I wrote on the 10th anniversary of the iPad’s announcement a few days ago and I was far from the only one. Like mine, most of the articles that I read were largely positive and at least saw the potential for continued improvement, if not a bright future for Apple’s tablet platform.
However, not all opinions of the iPad are so positive after ten years. Surprisingly, Apple fans Jon Gruber of Daring Fireball and Ben Thompson of Stratechery have two of the most dire takes. Sometimes us fans are the toughest critics. While I respect the opinions of both in most instances, I agree with very little of what either has to say here.
So let’s get into what they think about the iPad. Gruber had this to say in closing:
The iPad at 10 is, to me, a grave disappointment. Not because it’s “bad”, because it’s not bad — it’s great even — but because great though it is in so many ways, overall it has fallen so far short of the grand potential it showed on day one. To reach that potential, Apple needs to recognize they have made profound conceptual mistakes in the iPad user interface, mistakes that need to be scrapped and replaced, not polished and refined. I worry that iPadOS 13 suggests the opposite — that Apple is steering the iPad full speed ahead down a blind alley.
I honestly can’t disagree more, but more on that in a moment.
Then there’s Ben Thompson’s take, which simply feels like an extension of Gruber’s, especially since he cites him specifically. Those two are pretty tight, so I guess this isn’t a big surprise. The most notable thing he has to say is that the iPad is somehow “tragic.” He explains why he believes this, but again, I’m not buying. Somewhat flawed? Sure. Incomplete? Definitely. Tragic? Can we seriously dial down the drama by at least half?
It seems that the biggest issue that both Gruber and Thompson have with the current iPad, specifically iPadOS, is the multitasking interface and its gestures. Again, I disagree. While they certainly are not perfect and they can be difficult to master, what’s really happening here is gradual evolution. It is certainly slower than I would prefer, but in my opinion, the additional capabilities that the current multitaking methods bring have a far more positive impact on the platform than any negatives that come from how complicated they are.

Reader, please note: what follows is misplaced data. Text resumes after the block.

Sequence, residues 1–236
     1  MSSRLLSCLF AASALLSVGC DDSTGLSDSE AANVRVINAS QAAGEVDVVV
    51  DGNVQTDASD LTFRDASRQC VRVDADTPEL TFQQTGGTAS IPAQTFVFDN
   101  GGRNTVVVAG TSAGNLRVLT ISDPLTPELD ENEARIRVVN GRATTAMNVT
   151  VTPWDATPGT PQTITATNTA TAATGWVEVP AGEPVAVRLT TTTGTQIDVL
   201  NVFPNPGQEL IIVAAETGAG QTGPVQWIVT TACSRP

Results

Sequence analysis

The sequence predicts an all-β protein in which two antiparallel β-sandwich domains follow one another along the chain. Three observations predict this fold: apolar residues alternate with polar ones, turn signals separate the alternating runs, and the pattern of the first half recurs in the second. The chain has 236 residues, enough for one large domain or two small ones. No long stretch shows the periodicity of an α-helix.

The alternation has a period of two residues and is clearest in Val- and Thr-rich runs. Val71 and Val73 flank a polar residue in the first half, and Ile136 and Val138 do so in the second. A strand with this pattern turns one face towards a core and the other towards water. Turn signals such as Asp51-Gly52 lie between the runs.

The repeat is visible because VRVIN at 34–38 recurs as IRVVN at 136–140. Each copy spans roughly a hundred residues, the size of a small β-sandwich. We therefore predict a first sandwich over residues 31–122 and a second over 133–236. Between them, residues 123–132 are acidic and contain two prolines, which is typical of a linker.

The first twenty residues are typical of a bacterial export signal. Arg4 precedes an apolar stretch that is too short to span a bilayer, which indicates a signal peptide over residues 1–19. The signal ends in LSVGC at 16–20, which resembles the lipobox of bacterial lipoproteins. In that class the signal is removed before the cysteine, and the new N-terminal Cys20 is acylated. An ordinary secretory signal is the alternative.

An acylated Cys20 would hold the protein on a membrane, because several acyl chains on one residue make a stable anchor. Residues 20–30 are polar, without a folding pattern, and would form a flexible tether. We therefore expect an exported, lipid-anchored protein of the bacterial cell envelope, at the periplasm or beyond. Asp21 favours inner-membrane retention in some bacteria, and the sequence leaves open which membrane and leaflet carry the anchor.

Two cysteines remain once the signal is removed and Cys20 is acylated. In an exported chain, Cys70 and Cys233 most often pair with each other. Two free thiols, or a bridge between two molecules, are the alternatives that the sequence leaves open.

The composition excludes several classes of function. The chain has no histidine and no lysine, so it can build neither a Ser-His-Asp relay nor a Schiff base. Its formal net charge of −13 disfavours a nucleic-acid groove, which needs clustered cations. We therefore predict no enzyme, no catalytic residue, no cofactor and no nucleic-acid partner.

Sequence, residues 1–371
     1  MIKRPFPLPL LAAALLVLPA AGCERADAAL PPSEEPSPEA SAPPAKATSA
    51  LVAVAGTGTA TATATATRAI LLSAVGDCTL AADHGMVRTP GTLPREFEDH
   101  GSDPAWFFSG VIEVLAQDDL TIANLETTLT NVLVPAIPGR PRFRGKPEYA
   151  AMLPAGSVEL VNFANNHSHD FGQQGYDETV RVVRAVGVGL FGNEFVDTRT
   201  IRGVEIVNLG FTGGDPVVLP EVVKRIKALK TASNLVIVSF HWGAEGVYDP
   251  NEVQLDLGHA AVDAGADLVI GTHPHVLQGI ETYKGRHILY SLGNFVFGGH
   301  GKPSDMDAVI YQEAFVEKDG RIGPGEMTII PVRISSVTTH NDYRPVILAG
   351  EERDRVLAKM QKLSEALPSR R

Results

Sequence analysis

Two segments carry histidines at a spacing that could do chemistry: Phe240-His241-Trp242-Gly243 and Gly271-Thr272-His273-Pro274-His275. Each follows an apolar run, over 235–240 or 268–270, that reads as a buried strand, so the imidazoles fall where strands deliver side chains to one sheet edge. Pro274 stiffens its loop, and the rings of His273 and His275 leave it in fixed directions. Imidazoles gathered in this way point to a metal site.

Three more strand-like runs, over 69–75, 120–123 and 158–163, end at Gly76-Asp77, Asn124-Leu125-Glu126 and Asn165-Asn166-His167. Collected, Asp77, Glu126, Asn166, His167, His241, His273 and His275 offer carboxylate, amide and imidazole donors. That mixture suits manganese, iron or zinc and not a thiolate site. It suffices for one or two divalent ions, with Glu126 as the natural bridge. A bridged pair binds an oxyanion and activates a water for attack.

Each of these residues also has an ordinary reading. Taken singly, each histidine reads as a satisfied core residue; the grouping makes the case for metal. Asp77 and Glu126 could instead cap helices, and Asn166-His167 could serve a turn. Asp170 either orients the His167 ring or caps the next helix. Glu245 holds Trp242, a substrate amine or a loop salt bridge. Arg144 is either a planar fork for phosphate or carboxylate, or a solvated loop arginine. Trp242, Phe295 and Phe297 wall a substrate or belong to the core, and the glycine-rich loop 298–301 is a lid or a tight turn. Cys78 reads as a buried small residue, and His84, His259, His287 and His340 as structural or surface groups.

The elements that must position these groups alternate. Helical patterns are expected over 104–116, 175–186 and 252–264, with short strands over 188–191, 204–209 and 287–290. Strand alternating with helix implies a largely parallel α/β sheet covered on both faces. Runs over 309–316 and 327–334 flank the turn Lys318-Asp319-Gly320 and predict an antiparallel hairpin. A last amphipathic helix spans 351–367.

Both gentlemen also mention the current state of the iPad app ecosystem, which I have also lamented at times. However, I think the real problem they have with the iPad is less about these specifics and more about pining for an original purpose and design that is no longer necessary or relevant. They seem to miss the obvious fact that the device that Steve Jobs introduced sitting in a chair on stage has nothing beyond a niche role in today’s tech world.
Both articles lovingly refer to Jobs’ iPad reveal and the first couple of years of the platform under his direction. Just before the quote above, Gruber also specifically longs for the past:
I like my iPad very much, and use it almost every day. But if I could go back to the pre-split-screen, pre-drag-and-drop interface I would. Which is to say, now that iPadOS has its own name, I wish I could install the iPhone’s one-app-on-screen-at-a-time, no-drag-and-drop iOS on my iPad Pro. I’d do it in a heartbeat and be much happier for it.
In my humble opinion, this is absolutely ridiculous. I know it’s just Gruber’s person opinion, but a desire to kneecap iPadOS so he can go back to the “good old days” shows that it’s really his mentality that’s headed down the blind alley. If iPadOS were there today, the iPad would be in about the same position saleswise as the Apple TV.